To kill a mockingbird is a story about growing up. It takes place through the eyes of six-year-old Jean Louise Finch, “Scout,” in the fictional town of Maycomb, Alabama. The story is set during the Great Depression, where Scout lives with her brother, Jeremy “Jem”; her widowed father, Atticus, and a black cook named Calpurnia, who has lived with the family for many years. Let’s delve into “to kill a mockingbird 5 paragraph essay” that demonstrates the beauty in appreciating life.
Lessons for Life
Atticus is a middle-aged lawyer, but the family does not have a lot of money since his clients are poor. Scout learns four painful lessons about the world around her throughout the book: from Atticus, observation, and experience.
Put Yourself in Another’s Shoes
Scout takes a while to master this lesson. She mostly gets it wrong in the first parts of the book. The Radley house is located opposite Scout’s home, across the street, and its occupants are recluses. One of two sons, Arthur Radley, is in his 30s and has not been seen in many years. Children refer to him as Boo Radley and have a horrid image of his appearance. They claim he is ugly, eats rodents and cats, drools, and will kill any child he catches.
Arthur Radley’s real story is rather tragic, however. He got in trouble with the law for being a wild and disorderly teenager. His father decided to ban him from leaving the house. Arthur remained a recluse from then on.
Stories vs. Truth
Scout, Jem, and Dill spend a lot of time playing games involving the Radley house. They start finding presents, such as pennies and gum, hidden in a hole in a tree and take some time before realizing Boo is leaving them. The children devise a plan to see him and almost get shot by his older brother while peeping through a window. Jem’s pants are caught in a fence as they escape, and Boo fixes them, leaving them for the young boy.
He also places a blanket on “Scout” on one occasion when a neighbor’s house catches fire, and many people in the neighborhood run outside to investigate. They gradually realize that Boo is good over the course of the year.
Do Not Kill a Mockingbird
Perhaps the most important lesson Scout learns is not to kill a mockingbird. Atticus gives the children air rifles and allows them to shoot any bird except a mockingbird. The birds do not eat anyone’s plants or harm anything. They make music. To kill a mockingbird metaphorically implies taking advantage of someone weaker than you.
Keep Fighting Even if You Know You’ll Lose
Tom Robinson is a black man accused of raping a white woman, Mayella Ewell. Atticus Finch is his defense attorney and is determined to help him even though he knows he will lose. Everyone in the community is racist to some degree and constantly tease and talk about Scout and Jem because their father is defending a black man accused of rape. Atticus is adamant they should keep their calm in the face of adversity.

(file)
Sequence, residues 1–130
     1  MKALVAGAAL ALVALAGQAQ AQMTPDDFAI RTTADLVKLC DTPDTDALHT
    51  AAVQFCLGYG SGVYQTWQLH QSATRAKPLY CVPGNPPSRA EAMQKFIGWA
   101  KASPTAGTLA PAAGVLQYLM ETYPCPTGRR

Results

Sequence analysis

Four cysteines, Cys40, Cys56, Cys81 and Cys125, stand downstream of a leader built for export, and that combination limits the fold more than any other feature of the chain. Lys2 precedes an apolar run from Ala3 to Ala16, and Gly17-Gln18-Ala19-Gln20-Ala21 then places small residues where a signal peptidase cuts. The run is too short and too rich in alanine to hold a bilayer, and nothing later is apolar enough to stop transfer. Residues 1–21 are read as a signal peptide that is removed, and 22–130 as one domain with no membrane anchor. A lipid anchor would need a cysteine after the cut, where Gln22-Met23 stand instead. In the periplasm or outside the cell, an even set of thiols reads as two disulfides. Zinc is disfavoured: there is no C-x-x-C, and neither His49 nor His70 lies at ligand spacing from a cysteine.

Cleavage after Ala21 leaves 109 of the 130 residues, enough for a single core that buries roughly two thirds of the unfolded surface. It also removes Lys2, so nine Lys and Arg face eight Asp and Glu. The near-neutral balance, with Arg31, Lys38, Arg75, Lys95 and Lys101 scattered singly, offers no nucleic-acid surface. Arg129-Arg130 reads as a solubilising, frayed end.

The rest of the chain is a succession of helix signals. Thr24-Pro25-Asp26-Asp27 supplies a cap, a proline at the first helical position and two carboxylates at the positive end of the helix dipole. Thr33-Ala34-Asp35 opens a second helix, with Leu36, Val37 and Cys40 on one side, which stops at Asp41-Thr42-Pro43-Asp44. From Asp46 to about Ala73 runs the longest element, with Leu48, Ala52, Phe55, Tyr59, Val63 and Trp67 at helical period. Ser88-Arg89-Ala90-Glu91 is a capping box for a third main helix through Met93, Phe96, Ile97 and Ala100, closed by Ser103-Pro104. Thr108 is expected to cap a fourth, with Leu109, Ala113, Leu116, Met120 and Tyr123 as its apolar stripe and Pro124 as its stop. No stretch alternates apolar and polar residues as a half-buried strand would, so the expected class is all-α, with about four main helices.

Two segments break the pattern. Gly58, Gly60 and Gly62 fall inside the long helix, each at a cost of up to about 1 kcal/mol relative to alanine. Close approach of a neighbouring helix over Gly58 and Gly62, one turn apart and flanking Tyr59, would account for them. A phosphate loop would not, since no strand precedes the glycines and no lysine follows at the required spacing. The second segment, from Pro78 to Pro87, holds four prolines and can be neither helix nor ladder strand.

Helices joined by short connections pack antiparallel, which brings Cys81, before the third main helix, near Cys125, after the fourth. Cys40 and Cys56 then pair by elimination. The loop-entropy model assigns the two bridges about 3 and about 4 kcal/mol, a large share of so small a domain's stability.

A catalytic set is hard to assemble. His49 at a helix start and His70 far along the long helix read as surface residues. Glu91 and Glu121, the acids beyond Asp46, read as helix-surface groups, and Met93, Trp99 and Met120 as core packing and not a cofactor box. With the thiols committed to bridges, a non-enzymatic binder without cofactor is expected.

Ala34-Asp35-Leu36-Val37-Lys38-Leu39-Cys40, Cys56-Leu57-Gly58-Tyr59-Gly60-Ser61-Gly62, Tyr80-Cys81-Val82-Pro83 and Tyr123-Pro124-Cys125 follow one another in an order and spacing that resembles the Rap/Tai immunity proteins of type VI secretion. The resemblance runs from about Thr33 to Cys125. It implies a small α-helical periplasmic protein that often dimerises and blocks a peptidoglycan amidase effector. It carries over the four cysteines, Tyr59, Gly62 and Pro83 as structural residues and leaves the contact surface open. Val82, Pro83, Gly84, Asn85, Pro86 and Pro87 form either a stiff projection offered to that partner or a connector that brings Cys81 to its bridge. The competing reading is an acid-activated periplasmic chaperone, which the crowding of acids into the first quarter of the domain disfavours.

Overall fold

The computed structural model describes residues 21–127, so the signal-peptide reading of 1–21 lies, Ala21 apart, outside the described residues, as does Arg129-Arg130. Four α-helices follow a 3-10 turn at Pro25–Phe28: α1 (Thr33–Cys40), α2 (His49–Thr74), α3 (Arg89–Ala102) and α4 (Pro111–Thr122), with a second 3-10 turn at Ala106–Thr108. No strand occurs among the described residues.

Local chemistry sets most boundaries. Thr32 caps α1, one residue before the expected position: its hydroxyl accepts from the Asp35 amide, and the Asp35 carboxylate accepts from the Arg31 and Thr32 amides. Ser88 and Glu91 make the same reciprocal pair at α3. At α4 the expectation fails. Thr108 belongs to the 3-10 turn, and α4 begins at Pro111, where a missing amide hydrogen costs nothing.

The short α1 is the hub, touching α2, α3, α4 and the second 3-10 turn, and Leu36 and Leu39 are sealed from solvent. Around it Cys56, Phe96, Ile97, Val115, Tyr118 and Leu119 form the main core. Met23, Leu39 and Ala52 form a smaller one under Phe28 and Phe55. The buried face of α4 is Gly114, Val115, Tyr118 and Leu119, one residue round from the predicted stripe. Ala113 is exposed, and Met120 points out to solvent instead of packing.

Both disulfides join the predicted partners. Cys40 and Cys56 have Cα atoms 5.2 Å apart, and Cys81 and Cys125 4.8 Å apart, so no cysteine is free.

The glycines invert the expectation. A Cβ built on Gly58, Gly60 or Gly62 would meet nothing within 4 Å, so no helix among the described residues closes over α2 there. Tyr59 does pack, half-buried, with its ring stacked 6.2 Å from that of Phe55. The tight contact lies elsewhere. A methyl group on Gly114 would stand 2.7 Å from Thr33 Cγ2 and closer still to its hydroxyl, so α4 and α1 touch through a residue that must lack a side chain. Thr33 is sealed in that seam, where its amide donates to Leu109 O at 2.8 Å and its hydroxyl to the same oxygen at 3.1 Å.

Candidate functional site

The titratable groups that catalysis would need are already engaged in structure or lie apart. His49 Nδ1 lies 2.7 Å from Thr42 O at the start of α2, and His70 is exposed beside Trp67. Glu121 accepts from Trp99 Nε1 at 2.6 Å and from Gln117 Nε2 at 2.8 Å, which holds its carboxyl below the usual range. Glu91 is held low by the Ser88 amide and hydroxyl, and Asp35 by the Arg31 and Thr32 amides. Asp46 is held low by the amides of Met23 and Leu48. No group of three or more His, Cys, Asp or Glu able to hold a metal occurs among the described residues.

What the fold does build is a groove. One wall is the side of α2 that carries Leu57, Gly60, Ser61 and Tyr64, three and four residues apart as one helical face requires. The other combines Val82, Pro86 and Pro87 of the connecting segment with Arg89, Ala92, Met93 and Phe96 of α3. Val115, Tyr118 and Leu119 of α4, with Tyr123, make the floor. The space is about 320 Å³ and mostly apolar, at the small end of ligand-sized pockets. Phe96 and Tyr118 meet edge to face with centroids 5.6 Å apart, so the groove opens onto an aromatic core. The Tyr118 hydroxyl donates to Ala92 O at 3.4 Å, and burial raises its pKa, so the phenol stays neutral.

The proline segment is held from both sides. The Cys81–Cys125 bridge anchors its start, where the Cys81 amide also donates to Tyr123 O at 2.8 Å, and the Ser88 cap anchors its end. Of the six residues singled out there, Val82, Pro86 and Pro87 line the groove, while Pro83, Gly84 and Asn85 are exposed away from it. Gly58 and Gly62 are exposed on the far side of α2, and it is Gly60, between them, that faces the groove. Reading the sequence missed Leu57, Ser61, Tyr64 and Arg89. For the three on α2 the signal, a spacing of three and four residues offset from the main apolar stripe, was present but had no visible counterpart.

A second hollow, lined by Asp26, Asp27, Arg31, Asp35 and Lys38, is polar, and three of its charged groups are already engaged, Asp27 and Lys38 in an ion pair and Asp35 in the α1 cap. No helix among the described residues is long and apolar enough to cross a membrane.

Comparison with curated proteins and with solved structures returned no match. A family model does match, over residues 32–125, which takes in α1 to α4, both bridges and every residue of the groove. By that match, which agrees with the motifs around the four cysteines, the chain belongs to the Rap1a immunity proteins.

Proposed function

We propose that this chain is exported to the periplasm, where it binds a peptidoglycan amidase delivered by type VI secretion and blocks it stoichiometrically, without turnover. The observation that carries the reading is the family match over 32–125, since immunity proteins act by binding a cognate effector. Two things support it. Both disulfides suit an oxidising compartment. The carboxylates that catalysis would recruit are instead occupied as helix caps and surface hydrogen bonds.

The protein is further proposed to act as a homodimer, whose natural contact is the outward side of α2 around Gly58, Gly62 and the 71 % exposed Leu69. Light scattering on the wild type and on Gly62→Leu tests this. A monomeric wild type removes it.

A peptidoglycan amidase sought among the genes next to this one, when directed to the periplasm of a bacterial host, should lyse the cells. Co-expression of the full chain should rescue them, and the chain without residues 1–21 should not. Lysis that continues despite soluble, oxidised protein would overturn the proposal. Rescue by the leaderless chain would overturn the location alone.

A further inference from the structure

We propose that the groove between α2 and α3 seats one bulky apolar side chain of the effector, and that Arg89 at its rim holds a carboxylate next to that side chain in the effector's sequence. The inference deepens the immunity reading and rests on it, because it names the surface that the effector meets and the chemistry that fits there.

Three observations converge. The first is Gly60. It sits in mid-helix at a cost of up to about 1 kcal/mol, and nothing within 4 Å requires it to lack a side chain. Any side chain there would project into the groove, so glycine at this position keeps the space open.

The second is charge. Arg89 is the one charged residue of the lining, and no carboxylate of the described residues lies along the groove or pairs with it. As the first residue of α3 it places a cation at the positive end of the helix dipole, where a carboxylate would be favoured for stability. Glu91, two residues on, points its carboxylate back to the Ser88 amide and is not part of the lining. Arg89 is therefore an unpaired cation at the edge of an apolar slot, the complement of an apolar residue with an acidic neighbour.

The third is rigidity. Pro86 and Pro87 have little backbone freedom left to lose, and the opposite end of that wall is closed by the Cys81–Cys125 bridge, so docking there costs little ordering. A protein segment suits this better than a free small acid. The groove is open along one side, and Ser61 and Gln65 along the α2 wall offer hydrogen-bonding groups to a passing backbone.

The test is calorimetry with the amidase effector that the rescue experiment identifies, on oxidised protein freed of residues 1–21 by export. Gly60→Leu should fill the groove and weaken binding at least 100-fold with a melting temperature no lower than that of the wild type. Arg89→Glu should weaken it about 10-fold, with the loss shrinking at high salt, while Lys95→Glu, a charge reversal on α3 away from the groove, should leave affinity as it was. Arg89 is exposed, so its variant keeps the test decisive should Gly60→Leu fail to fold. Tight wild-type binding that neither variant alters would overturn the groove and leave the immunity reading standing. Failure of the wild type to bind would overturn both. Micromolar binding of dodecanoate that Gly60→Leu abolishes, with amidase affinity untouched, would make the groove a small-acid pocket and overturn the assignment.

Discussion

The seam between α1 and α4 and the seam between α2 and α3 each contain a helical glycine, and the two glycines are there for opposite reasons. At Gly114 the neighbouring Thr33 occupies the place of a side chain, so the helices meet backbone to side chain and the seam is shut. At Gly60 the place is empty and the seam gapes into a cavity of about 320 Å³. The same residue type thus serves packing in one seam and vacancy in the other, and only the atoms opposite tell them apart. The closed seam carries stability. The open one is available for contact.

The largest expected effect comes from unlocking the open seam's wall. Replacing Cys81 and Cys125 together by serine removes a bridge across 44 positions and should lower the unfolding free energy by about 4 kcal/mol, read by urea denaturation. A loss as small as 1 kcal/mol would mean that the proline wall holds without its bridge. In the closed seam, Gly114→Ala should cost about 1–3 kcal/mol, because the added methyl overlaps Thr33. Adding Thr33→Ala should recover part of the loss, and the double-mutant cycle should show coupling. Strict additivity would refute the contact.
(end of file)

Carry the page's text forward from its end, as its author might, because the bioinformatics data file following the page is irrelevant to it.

A group of men intends to lynch Robinson before he goes to court but are dissuaded by Scout’s timely presence when looking for her father. She starts talking to one of the men whose son is in her class, and he tells the mob to go home.
Vengeance, The World is Unfair
The whole town is in the courthouse for the hearing, and Atticus makes a good case. Mayella and her father, Robert Ewell, are obnoxious and do not seem trustworthy. The physical evidence also looks fishy since Mayella’s bruises are on the right side of her face, while Tom can’t use his left arm. Rob Ewell is left-handed and could have beaten his daughter. Tom tells a convincing story about Mayella trying to seduce him when her father caught her and beat her up. She then accused Tom of rape. Despite this, the jury finds him guilty.
Rob threatens to get revenge on Atticus for embarrassing him. He attacks Jen and Scout with a switchblade on Halloween as they are coming from a pageant and tries to kill them. Rob breaks Jen’s arm, and Boo runs out to help them when he hears their cries, killing Rob with a kitchen knife. The children do not understand what happens because of the dark.
A Good Deed
The sheriff, Heck Tate, and Atticus discuss what to do about the death. Atticus wants to say that Jem killed him in self-defense, publicly absolving him of the crime. The sheriff claims they should say that Bob tripped on a root and fell on his knife. Tate sticks to this story because he knows that Arthur Radley killed Rob and knows the town will treat him like a hero.
Tate knows that such attention would be devastating to a recluse like Arthur. Since he saved the children’s lives, the best reward is to let him keep his privacy. Atticus is afraid to do this because of the injustice witnessed at the trial. He fears his children will never respect him again if he also bends the law because of his association with the sheriff.
Scout intervenes and says she understands making a hero out of “Boo” would be like killing a mockingbird. Despite seeing the unfairness of life, she also understands its beauty. Scout finally understands the first lesson about putting herself in other people’s shoes.
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